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Lion King Review: Enchanting Remake Sticks Safely to Original

Lion King Review: Enchanting Remake Sticks Safely to Original

This year we have seen two Disney toons remake classics with Dumbo and Aladdin (Will Smith), The Lion King is the third to hit our cinemas and comes with a whooping big estimated budget of 250 million dollars. 25 years on from the original Jon Favreau’s view on directing the movie is “why reinvent the wheel”. A smart move as he sticks as closely to the story as possible. The film’s opening song announcing the birth of Simba is The Circle of Life, and Favreau has kept all the songs from the 1994 original, the opening is where we also see the power of CGI, using photo-realism the animals are in fact very life like.

Glover plays the adult Simba – all images courtesy of Disney

The first words spoken in the film are from the resentment fuelled Scar (voiced by Chiwetel Ejiofor)  “Life’s not fair,” he says, which sets the tone for his manipulative quest to kill Mufasa (James Earl Jones) become King and the young Simba’s (JD McCrary ) exile. Favreau’s The Lion King dishes up a huge dose of the sentimental, exploring more deeply the relationship between father and son, with the young lion idolising his father and bonding over stories Mufasa tells him about his ancestors and the cycles of nature. There are some good action scenes when the Young Simba has his first encounter with the hyenas.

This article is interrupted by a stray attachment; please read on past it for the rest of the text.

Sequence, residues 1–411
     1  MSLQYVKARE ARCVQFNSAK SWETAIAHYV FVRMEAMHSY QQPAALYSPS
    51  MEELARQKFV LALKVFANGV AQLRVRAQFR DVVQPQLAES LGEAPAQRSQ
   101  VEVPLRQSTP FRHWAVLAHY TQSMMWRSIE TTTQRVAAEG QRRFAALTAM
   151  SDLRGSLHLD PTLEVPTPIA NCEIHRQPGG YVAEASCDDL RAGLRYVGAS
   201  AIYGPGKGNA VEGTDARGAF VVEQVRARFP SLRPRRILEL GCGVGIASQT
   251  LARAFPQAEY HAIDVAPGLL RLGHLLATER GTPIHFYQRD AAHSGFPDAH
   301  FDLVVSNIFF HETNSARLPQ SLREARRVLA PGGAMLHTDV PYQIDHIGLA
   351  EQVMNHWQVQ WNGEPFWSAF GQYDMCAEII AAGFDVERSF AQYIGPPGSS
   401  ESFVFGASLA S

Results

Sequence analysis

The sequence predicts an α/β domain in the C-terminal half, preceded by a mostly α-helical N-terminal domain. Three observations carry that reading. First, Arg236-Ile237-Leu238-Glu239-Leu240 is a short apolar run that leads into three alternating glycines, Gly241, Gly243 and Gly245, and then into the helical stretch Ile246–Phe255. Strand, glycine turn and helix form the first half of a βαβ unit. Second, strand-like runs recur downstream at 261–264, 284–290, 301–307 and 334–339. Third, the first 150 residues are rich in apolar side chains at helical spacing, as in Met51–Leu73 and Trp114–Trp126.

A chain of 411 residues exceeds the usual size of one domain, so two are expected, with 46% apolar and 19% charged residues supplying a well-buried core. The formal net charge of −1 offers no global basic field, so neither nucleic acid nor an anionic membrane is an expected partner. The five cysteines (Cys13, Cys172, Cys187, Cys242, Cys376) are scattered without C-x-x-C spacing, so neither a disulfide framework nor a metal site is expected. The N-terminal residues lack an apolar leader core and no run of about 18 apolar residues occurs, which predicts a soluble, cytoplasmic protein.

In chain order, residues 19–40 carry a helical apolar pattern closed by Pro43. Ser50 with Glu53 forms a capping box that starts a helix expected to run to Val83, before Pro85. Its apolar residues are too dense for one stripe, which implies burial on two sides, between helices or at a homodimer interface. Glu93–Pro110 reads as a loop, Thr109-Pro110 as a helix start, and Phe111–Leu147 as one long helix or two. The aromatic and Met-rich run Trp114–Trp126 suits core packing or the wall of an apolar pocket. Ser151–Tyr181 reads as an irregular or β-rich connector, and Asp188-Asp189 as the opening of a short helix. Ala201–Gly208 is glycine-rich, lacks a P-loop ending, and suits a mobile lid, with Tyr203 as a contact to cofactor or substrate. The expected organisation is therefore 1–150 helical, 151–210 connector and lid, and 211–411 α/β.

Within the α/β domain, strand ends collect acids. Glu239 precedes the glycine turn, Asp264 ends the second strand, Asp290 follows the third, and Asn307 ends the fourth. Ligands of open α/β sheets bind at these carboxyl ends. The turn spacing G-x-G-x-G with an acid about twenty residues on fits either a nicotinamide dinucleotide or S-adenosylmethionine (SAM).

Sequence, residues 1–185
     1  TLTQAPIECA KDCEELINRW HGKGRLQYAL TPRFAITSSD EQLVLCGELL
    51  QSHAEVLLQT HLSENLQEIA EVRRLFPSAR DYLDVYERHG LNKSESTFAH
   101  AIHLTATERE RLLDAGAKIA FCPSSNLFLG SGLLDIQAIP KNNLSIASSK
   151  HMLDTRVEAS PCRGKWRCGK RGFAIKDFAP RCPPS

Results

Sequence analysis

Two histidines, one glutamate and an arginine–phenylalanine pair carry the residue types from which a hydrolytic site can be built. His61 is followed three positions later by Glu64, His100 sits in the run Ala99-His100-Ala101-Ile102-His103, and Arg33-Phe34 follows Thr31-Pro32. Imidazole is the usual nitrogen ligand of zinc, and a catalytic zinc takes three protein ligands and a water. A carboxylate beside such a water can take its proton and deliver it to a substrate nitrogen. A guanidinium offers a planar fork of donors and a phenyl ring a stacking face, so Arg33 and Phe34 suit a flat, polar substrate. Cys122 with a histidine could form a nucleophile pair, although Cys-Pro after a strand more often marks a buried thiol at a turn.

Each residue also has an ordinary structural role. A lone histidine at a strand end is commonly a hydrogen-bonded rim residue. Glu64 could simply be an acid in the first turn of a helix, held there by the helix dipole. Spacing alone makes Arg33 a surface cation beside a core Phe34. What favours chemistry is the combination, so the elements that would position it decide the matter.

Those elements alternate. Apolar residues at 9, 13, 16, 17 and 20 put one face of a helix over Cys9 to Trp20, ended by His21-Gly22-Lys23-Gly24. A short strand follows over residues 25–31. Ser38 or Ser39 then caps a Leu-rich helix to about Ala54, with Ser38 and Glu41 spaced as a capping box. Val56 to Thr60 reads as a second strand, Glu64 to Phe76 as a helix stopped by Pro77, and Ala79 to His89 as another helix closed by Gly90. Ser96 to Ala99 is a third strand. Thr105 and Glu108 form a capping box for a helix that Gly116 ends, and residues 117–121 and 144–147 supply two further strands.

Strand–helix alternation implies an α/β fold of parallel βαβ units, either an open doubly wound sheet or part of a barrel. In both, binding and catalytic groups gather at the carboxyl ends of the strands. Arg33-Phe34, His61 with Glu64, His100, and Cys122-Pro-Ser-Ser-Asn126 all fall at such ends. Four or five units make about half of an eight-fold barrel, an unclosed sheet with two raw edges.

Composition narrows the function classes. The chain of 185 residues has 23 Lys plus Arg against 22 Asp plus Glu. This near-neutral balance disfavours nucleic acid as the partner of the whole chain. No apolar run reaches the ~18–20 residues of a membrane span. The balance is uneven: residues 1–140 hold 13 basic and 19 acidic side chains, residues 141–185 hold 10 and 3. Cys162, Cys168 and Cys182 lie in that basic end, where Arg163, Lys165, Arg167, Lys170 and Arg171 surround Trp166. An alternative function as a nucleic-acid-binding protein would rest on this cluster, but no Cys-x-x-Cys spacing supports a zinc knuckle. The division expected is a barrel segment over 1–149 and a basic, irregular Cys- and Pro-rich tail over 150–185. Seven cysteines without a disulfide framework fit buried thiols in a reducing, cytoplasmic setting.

The second half of the film is lighter, funnier than previous versions Seth Rogen plays Pumbaa, the flatulent warthog and Billy Eichner  plays Timon, the wisecracking meerkat, both playing to their strengths, they are introduced when Mufasa dies and the young Simba is exiled and they take him in.

The Lion King is brought to life by an all star cast,  James Earl Jones is the only member of the original cast and is an unrivalled Mufasa. Donald Glover is the adult Simba, with Beyoncé playing the grown up Nala. Beyoncé lends her impressive vocals to Can You Feel the Love Tonight which is performed with Glover. Her vocal performance is not only what impresses us, her scenes with Simba’s mother, Sarabi (Alfre Woodard) merit credit.

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Favreau introduces a bit of girl power as the lionesses group together to fight the hyenas and King Scar ( Scar has taken the throne after Mufasa’s death), Sarabi refuses to stand by his side. It been a while since I watched any version of The Lion King and would say  once it gets started it is a thoroughly enjoyable family remake: there are some scenes which might not be suited to a very young audience but an enchanting take which infuses CGI technology to make it a little different visually, but authentic. The Lion King is in UK cinemas from 19 July 2019.


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